“For what will it profit a man if he gains the whole world but forfeits his soul? Or what shall a man give in return for his soul?” Matthew 16:26
It strikes me how little emphasis (aka. value) we, collectively, place on our soul. We were in a meeting at the university a few weeks ago dealing with some really important issues for the health of students. As we walked back to our car we talked about the elephant in the room that was never addressed - the soul. There was lots of good attention given to our mind and our body but absolutely nothing addressing the deepest part of us. I, of course, understand the reasons in that setting. But I wanted to scream, “We’re missing the most critical piece!”
Body, mind, soul - all connected are a 3-legged stool.
Read the Moment:
What about Soul Care speaks to or stirs something in you? Is it a stirring for more? Of guilt?
What comes to mind initially as you think about caring for your soul?
Reflect on the Moment:
As you read and ponder this, how would you say you are doing in the care and feeding of your soul?
How do you think those closest to you (spouse, roommate, best friend..) would answer that? Maybe ask them.
Can you identify places of health and places of unhealth? Balance and imbalance? Write them down.
Respond to the Moment:
What are a couple of simple things that you could do or change that would help to feed and care for your soul? Maybe it’s making some time in your day to “sharpen the saw” with the Word of God and some intentional conversation with Him about your soul.
Week 1: How do you define a healthy soul? What are characteristics you can identify?
Week 2: What are the obstacles to a healthy soul that you see and experience? In the world around us? In your personal life?
Week 3: What are 1 or 2 simple things that you can add or change or remove that might help you move towards a more healthy, balanced soul? (ex. Don’t have your phone on or near you during time you spend with God. Spend at least as much time in scripture/prayer as you do on social media.)
Week 4: Who are people that you can talk to regularly about the state of your soul? Set a time to get coffee or lunch. Or, invite them to your table. (see below)
SETTING THE TABLE
Opener: “I was reading this week about the idea of Soul Care". What comes to your mind when you hear “soul care”?
Main: How do you do or not do this in your life right now? What are your biggest challenges or obstacles?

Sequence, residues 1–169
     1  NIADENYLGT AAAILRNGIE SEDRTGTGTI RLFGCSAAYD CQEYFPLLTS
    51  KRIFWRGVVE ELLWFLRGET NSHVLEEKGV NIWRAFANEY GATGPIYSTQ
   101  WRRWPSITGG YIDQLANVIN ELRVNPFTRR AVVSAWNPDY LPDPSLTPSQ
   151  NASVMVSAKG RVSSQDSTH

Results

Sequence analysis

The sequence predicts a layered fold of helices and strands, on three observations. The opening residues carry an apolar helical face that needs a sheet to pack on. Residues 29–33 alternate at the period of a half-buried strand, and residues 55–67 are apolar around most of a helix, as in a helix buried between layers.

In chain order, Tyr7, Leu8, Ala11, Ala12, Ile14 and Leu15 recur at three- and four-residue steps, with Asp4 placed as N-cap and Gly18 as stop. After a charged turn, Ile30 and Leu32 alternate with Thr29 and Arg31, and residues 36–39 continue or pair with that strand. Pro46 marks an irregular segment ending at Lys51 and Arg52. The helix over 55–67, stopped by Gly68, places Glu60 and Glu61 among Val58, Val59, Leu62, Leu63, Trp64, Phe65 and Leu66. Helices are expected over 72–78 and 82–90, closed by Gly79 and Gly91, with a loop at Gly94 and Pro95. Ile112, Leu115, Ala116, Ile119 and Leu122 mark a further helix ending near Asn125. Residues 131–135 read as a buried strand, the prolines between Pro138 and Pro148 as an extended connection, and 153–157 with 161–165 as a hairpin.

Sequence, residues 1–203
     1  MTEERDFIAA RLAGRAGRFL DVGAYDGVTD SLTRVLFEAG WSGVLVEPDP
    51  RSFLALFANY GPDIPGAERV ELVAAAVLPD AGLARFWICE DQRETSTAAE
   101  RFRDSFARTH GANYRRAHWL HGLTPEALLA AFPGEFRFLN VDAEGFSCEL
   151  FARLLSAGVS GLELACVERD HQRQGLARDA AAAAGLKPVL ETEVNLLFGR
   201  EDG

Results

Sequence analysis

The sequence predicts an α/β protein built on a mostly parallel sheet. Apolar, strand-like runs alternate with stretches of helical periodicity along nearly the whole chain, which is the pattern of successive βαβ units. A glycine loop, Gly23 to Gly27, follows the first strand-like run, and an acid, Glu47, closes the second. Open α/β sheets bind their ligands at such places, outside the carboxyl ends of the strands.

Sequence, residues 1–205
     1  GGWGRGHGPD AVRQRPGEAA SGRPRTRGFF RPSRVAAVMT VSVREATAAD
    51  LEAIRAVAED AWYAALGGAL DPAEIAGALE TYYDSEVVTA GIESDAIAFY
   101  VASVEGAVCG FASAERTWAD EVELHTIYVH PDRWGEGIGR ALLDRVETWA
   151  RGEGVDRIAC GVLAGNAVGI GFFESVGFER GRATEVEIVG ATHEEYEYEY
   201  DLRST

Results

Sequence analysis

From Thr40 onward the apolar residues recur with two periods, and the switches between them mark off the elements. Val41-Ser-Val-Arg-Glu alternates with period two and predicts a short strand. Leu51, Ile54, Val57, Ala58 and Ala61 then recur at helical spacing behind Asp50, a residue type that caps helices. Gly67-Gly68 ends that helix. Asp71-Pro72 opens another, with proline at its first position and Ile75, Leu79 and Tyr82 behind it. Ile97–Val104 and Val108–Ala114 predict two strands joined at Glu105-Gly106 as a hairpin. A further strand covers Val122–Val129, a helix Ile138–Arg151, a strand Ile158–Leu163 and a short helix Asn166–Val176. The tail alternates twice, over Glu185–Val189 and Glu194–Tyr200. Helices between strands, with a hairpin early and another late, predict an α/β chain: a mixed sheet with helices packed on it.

Closer: Are there any specific ways we can help and encourage each other in the care and feeding of our souls?
Quick & Easy Chicken Noodle Soup
4 quarts of water
5 chicken bouillon cubes
1 medium yellow onion diced
1 lb peeled and sliced carrots
1 lb pulled chicken meat
8 ounces wide egg noodles
1 tsp white pepper
1 tsp kosher salt (to taste)
1 tablespoon unsalted butter
1. Fill your stock pot with the water, bouillon cubes, onions, white pepper, butter and cook over medium high heat. Allow contents to come to a rolling simmer, stirring occasionally and then reduce heat to medium. After about 10 minutes, add your carrots.
2. Cook your noodles according to the recipe on the back of the package until al dente and then let them cool down. I like to cook them separately because they hold better for a couple of days without breaking down in your soup. And it will leave with some broth instead of your noodles continuing to soak it all up.
3. Add your pulled chicken meat and noodles, then allow the meat to heat through. Your soup is done at this point and ready to be consumed. Grab some saltines, a warm blanket and call it a day.
Note: There's something incredibly comforting about a bowl of chicken noodle soup. I've yet to come across someone who didn't care for it. But I have come across many friends who's mothers or grandmothers created different renditions of the classic. Even if chicken noodle soup wasn't the quintessential prescription for healing your ailments, I still believe it would be the go-to when you were feeling under the weather. This soup is perfect year-round and a great way to entertain a group of friends in a moments notice.
--Recipe provided by Nashville Chef and Owner of The Salted Table: Charles Hunter III